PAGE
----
The HTTP specification provides a detailed, but slightly obscure and often confusing, algorithm for computing document aging and cache freshness. In this section, we'll discuss the HTTP freshness computation algorithms in detail (the "Fresh enough?" diamond in Figure 7-12) and explain the motivation behind them.
This section will be most useful to readers working with cache internals. To help illustrate the wording in the HTTP specification, we will make use of Perl pseudocode. If you aren't interested in the gory details of cache expiration formulas, feel free to skip this section.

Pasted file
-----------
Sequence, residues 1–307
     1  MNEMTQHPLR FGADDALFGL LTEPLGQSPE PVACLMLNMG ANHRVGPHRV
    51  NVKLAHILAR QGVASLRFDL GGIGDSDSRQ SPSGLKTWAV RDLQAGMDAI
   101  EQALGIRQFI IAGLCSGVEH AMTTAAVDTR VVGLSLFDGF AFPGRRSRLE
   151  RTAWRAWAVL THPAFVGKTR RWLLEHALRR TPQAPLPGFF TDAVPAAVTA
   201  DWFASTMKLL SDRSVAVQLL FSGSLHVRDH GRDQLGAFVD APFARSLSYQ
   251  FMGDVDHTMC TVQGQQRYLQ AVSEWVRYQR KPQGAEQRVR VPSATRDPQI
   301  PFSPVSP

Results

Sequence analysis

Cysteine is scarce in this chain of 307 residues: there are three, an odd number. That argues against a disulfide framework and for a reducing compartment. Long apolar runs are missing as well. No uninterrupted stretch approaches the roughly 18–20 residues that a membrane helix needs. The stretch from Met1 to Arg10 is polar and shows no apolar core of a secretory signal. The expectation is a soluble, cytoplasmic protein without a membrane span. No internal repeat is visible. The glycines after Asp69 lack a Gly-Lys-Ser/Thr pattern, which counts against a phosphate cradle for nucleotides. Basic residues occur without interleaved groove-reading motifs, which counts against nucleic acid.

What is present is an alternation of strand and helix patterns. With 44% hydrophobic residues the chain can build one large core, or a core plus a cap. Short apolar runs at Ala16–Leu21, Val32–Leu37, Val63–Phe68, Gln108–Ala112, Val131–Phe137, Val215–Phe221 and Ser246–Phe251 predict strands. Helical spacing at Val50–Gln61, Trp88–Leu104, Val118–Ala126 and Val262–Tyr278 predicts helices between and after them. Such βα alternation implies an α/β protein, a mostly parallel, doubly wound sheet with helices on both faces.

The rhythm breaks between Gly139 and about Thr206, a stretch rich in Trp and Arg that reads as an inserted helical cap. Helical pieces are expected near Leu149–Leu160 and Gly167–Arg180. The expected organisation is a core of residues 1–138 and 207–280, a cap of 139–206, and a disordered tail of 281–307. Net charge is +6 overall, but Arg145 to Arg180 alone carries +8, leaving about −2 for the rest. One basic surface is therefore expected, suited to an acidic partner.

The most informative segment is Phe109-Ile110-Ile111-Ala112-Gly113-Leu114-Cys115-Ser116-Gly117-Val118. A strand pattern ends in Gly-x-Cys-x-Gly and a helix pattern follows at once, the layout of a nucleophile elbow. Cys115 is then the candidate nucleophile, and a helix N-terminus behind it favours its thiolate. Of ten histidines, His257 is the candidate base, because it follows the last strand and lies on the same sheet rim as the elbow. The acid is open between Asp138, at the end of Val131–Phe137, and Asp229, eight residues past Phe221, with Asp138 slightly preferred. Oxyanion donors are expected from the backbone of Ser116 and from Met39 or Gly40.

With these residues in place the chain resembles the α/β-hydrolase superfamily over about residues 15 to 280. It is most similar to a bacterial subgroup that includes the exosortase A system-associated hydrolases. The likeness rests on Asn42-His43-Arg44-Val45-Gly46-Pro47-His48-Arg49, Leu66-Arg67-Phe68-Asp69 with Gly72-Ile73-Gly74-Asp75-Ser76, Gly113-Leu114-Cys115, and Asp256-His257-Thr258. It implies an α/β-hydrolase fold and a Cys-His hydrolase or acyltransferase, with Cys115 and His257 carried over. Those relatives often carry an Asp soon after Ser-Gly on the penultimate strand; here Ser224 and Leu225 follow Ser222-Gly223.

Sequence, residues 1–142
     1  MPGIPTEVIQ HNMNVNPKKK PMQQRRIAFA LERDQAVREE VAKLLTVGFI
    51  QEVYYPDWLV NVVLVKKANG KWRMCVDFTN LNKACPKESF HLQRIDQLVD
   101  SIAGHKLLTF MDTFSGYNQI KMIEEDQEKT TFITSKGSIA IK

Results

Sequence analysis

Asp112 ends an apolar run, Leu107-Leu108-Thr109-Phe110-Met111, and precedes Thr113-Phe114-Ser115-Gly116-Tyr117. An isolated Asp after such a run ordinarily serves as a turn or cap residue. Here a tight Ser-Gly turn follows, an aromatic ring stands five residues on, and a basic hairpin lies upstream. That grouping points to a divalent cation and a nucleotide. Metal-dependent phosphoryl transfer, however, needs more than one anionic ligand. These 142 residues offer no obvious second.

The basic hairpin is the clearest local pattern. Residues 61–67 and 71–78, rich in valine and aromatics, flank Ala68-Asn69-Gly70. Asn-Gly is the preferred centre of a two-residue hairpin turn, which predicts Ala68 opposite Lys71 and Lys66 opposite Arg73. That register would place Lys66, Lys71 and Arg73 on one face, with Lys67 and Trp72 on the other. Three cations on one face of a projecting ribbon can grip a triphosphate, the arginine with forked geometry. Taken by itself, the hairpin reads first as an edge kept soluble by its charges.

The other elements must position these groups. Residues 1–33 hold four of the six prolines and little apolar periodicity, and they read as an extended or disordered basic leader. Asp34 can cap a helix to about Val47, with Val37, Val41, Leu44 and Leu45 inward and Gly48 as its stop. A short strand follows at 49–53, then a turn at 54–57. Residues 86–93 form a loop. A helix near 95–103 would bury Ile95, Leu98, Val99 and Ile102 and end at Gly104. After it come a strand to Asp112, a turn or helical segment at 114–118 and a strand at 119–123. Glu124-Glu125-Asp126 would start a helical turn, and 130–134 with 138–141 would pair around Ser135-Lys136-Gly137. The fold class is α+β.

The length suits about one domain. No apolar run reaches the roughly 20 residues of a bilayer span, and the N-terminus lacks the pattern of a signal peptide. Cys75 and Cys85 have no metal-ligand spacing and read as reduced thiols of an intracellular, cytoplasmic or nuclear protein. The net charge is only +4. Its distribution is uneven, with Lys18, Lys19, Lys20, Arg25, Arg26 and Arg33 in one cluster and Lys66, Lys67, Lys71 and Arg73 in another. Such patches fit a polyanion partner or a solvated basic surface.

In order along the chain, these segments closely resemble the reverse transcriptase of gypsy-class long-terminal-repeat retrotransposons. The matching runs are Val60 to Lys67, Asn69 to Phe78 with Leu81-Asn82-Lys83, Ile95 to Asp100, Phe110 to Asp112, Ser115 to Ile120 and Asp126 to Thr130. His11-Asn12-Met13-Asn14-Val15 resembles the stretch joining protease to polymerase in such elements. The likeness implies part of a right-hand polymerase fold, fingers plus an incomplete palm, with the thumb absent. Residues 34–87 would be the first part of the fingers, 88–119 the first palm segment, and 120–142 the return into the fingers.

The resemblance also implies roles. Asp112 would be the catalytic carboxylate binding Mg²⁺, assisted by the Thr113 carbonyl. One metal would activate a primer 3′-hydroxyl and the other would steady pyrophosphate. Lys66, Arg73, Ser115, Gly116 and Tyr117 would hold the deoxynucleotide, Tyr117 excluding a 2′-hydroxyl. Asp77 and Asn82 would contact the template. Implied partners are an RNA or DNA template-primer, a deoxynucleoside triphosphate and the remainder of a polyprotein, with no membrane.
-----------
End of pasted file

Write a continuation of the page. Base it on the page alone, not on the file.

To tell whether a cached document is fresh enough to serve, a cache needs to compute only two values: the cached copy's age and the cached copy's freshness lifetime . If the age of a cached copy is less than the freshness lifetime, the copy is fresh enough to serve. In Perl:
$is_fresh_enough = ($age < $freshness_lifetime);
The age of the document is the total time the document has "aged" since it was sent from the server (or was last revalidated by the server). Because a cache might not know if a document response is coming from an upstream cache or a server, it can't assume that the document is brand new. It must determine the document's age, either from an explicit Age header (preferred) or by processing the server-generated Date header.
The freshness lifetime of a document tells how old a cached copy can get before it is no longer fresh enough to ...